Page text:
BREATHTAKING. In places. Little, wonderful places. When the daemons would change form and zip suddenly from bird to mammal to insect, the change looked SO REAL. So completely real! And each time a person would die their daemon would explode in a sparkling whirl of gold dust! Beautiful!

CHEESY. Yes, cheesy. But only in one recurring place: each time Lyra read the alethiometer we, the audience, see gold sparkles swirling around brief hazy glimpses of people and scenes, making it look a bit like Lyra is falling into some 1980’s film vortex — traveling back in time or watching her life flash before her eyes. Those moments were my least favorite of the film (though I’ll grant you that I haven’t yet thought of a better way to capture them).

IMPERFECT. Like everything. I love Ian McKellen’s voice but found it distracting to hear it coming from the mouth of a polar bear, almost as if Sir Ian (or perhaps Gandalf) had been swallowed and was calling out from the bear’s stomach. This didn’t prevent me from enjoying Iorek’s scenes, though, except for the occasional moment when the computer-generated bears bore a slight resemblance the advertising bears of Coca-Cola. And Pantalaimon was believably real in his ermine form, but not so as a cat.

A LABOR OF LOVE. That’s what it felt like, above all. This movie was clearly made by someone who wanted to put a beloved book on film and make it fly.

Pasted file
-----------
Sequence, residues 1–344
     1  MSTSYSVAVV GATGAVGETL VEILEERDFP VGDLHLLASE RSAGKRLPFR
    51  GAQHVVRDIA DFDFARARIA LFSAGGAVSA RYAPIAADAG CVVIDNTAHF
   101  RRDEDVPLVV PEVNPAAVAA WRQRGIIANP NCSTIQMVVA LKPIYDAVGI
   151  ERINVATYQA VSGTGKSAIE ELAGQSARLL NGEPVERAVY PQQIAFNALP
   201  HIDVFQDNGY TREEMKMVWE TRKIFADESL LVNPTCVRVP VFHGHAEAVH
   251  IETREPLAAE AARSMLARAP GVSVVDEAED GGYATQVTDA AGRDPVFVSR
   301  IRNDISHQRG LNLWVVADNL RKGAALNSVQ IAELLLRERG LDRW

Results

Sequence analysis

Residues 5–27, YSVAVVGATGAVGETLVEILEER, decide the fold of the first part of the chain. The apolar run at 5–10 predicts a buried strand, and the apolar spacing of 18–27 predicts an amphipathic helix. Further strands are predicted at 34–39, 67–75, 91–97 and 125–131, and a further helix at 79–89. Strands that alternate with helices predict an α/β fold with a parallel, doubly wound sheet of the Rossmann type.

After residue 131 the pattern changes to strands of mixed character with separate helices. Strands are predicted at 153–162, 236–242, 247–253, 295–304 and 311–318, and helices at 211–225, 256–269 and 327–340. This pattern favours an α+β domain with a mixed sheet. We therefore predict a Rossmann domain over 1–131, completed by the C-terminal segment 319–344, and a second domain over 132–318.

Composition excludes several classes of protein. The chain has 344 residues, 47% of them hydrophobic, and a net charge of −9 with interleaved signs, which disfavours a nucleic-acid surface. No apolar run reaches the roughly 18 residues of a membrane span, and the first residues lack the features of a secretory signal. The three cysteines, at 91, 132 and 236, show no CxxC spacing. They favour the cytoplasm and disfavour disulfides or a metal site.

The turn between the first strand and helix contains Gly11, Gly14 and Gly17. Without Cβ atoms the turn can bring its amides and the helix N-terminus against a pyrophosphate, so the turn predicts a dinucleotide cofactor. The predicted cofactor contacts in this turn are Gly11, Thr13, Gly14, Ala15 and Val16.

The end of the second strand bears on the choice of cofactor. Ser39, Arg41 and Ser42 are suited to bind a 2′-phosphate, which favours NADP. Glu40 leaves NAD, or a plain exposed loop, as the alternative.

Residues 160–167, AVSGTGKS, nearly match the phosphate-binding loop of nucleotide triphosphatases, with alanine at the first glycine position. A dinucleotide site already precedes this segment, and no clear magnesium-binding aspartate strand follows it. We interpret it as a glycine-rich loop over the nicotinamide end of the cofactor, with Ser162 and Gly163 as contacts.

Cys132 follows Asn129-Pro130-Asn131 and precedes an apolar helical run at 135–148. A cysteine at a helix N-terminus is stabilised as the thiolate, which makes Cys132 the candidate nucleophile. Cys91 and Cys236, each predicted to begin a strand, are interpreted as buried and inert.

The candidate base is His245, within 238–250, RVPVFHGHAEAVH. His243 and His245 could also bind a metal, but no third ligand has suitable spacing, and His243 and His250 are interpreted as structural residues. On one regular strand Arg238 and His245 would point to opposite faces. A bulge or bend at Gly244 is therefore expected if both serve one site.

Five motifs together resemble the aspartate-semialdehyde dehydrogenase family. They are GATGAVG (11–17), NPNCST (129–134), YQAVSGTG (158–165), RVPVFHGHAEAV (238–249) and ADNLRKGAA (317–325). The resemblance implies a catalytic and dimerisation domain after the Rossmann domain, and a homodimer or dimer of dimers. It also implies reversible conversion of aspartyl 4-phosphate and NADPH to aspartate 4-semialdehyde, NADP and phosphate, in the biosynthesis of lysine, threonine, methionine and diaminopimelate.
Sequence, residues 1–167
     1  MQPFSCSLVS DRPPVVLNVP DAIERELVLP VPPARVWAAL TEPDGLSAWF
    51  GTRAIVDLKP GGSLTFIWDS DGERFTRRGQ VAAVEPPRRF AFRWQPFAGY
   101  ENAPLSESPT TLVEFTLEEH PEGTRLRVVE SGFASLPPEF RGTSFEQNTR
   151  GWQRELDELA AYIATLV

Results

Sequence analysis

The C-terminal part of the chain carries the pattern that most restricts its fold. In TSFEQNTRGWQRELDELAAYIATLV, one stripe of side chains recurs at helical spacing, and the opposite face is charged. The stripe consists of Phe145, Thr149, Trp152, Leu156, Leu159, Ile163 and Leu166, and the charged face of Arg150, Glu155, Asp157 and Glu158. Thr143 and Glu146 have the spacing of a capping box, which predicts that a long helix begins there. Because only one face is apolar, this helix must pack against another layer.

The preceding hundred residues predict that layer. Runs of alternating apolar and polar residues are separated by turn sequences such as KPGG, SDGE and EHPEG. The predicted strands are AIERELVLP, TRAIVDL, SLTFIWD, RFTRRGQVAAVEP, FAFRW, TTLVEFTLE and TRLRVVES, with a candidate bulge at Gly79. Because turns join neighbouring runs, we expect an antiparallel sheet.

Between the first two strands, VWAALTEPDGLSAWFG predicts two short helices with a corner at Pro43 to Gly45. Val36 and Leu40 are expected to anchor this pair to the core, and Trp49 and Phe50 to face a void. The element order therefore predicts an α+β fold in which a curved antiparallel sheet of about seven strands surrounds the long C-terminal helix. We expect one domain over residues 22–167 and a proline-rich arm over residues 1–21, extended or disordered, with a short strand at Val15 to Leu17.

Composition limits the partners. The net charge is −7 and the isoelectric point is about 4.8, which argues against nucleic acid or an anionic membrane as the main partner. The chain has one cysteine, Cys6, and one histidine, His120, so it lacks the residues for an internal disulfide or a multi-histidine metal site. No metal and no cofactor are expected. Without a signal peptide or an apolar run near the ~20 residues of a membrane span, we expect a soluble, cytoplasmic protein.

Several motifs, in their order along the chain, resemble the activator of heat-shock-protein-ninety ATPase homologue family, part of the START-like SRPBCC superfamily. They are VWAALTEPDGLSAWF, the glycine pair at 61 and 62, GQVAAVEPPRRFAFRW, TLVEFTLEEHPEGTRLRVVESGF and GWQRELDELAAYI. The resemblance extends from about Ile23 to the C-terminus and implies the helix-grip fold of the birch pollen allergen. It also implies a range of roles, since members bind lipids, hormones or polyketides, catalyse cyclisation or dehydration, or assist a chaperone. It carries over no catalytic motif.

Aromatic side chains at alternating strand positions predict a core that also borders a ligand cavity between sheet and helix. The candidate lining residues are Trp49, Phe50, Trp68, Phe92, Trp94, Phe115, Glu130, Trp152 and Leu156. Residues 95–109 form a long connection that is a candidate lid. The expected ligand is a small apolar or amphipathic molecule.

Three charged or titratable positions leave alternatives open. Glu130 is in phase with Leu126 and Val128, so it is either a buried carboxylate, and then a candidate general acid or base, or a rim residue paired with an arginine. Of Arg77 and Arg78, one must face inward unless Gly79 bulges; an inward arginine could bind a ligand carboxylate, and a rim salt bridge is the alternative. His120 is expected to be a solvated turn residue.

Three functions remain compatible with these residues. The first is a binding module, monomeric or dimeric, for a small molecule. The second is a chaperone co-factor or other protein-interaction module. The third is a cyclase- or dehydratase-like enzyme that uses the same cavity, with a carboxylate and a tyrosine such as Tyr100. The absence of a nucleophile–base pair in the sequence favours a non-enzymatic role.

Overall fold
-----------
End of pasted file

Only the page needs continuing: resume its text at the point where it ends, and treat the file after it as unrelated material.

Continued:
NOT THE BOOK. It’s not the book. And in the end I think that’s what I found disappointing about this film — I got so much FROM this film, but I didn’t get enough OF this film. What was there was wonderful! Almost perfect! But that made it almost all the more painful to get such a small fraction of the full story. In my dream world, there would have been enough funding to do this elaborate film as a 6-hour or 12-hour movie. Except, who would be able to sit though such a thing? So… maybe a 6-hour or 12-hour HBO mini-series! Except then you’d lose the impressive sweep of seeing these sets and these costumes on a big, BIG screen.

Gareth commented tonight that he thought the biggest thing missing from the movie was, for him, the "edge" that’s present in the book, and I’m inclined to agree. The trouble is, there’s just not enough time, in two hours, to move the plot where it needs to go AND build in that edge — the tension, the fear, the conflict, the love, the betrayal. But without them, the end results just aren’t that powerful. I teared up at the end of this movie, but I feel relatively certain that’s because I know the WHOLE story. I know what’s been cut, I know what comes next, I know how the whole affair finally ends. If I didn’t, well…? Let’s just say that I HOPE this movie will make people who don’t know the whole story want to go in search of it. If it does that, then it’s doing about as well as ANY movie version of The Golden Compass could do, even if it ran for 6 or possibly 12 hours!